When we published the figures showing how the number of police officers in Bromley had fallen over the previous year to 479.2 from 505.3 (see blog of May 25th), we were asked how many of those were fulfilling back office functions. .
I put the question to the new(ish) Borough Commander, Steph Roberts, who has given me this reply:
The term ‘back office functions’ is a very vague and emotive term, especially when levied at officers who play a critical role in policing and investigations. Whilst visibility is an important element of policing it cannot, by itself, protect the public from all the threats they face. The variety of specialist officers required to deal with crimes ranging from child protection issues to murder and terrorism provides an insight into what else is needed.
For the purpose of this request I am therefore using the definition of the police front line as that defined by the HMIC last year – The police front line comprises those who are in everyday contact with the public and who directly intervene to keep people safe and enforce the law.
I currently have 17.35 police officers performing what are deemed ‘back office functions’, which equates to 3.62% of my police officer strength. A number of these are officers on restricted duties – sometimes medical assessments order restriction from fully operational duties, leading to officers fulfilling these non-operational roles in support of front-line officers. However those officers not on medical restrictions are deployed to the front line when operationally required.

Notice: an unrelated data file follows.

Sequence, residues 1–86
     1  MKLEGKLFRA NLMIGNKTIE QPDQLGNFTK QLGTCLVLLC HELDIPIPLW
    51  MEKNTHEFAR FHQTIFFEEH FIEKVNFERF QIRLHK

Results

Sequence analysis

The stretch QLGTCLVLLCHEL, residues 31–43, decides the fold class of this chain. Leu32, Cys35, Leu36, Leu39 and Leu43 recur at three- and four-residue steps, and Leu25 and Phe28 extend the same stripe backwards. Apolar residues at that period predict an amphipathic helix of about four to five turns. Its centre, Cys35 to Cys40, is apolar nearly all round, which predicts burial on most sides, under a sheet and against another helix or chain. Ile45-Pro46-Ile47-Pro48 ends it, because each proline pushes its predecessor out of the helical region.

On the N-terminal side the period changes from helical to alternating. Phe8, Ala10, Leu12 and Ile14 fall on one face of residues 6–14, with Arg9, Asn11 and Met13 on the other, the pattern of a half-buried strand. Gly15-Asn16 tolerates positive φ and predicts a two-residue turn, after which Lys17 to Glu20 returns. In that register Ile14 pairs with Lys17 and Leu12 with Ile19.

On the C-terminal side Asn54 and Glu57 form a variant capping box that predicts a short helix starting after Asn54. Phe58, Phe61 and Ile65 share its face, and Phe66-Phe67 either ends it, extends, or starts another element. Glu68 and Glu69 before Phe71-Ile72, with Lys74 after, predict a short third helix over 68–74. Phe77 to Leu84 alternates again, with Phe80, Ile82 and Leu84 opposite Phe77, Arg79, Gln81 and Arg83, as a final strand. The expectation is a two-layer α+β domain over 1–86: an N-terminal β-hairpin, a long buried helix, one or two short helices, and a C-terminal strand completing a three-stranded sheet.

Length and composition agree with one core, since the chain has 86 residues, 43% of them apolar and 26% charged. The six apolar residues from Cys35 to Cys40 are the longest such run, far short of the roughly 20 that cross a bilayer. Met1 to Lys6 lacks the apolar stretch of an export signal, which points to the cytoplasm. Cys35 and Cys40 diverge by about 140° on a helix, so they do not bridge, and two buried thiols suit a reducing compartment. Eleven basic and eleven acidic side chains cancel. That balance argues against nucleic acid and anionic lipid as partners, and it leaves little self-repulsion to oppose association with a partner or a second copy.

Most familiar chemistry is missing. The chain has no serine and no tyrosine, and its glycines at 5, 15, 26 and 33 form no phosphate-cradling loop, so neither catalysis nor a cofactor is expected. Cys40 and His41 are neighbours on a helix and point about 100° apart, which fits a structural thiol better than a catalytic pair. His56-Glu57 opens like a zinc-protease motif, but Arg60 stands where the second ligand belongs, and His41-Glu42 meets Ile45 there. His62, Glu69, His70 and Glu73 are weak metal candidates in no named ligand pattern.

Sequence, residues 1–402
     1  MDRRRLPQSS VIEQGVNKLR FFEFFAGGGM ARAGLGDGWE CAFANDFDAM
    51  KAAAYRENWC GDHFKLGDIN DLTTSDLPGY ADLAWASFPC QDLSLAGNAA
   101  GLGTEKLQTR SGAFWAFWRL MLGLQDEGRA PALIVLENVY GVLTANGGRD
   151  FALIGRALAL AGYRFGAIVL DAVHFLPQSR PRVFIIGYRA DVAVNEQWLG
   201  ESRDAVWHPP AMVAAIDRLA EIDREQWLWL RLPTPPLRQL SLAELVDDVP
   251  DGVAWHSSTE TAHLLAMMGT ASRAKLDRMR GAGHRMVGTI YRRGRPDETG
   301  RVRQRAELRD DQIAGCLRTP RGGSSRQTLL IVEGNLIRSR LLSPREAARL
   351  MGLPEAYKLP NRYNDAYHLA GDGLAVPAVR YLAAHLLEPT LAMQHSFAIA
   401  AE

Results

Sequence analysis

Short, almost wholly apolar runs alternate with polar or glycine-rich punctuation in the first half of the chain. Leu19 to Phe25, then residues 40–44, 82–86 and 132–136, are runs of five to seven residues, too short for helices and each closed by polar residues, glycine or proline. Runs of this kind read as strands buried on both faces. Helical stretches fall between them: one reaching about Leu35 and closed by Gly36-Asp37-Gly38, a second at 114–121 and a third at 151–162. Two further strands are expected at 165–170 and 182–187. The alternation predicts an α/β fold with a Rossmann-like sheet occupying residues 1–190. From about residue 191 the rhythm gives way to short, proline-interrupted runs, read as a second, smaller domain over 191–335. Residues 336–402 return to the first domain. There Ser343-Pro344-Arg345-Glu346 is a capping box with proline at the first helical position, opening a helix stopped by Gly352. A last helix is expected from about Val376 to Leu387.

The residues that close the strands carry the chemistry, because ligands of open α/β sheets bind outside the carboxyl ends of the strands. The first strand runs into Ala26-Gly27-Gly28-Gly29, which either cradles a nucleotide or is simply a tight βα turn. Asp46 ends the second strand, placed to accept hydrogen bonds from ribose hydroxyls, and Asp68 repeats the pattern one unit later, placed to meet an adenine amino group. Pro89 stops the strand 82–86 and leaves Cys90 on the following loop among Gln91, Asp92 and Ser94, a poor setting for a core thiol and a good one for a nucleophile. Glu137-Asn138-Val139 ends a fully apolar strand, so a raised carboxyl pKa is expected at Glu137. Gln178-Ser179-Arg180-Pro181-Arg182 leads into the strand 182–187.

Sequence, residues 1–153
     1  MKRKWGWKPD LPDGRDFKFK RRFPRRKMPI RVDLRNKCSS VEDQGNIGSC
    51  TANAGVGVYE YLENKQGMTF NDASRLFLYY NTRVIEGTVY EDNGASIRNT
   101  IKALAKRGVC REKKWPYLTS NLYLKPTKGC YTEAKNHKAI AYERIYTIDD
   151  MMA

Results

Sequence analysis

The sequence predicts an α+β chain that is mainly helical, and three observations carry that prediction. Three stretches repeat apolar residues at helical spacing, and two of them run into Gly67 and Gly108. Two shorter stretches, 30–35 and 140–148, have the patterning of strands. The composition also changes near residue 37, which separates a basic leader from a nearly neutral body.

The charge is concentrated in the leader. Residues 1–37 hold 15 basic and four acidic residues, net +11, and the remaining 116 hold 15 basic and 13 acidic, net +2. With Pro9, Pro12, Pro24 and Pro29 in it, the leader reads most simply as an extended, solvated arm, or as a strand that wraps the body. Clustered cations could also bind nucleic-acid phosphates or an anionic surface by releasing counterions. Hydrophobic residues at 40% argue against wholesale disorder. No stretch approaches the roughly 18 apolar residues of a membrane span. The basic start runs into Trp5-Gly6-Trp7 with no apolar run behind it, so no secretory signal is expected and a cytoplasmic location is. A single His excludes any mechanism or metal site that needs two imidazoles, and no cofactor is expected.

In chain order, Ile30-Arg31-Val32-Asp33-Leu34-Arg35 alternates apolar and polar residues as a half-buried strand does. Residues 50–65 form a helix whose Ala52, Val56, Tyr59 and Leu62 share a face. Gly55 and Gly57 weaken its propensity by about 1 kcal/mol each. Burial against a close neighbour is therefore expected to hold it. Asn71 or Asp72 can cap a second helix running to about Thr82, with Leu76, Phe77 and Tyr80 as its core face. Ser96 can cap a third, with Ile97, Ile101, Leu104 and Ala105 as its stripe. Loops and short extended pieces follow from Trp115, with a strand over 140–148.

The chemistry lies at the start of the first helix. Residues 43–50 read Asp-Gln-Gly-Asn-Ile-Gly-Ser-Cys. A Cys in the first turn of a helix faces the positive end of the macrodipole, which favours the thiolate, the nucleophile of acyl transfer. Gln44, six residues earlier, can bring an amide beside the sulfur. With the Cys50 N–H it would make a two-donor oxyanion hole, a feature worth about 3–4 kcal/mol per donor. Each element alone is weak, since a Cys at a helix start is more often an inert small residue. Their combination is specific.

We also asked the Commander about rumours that locals police bases might be closing. She told us:
With regard to the Safer Neighbourhood bases, the estate is the property of the Mayor’s Office for Policing And Crime and in times of austerity the MPS has to review its capital expenditure and the efficient use of the estate. It is possible that there may therefore a change to where Safer Neighbourhoods Teams are located in the future, but these are operational decisions that will be made by the Commissioner in consultation with the Mayor’s Office for Policing and Crime and partners will be fully briefed when those final decisions have been made.
I think this means we are likely to see quite significant changes to local policing once the Olympics are out of the way. We will update you as soon as there are any firm proposals.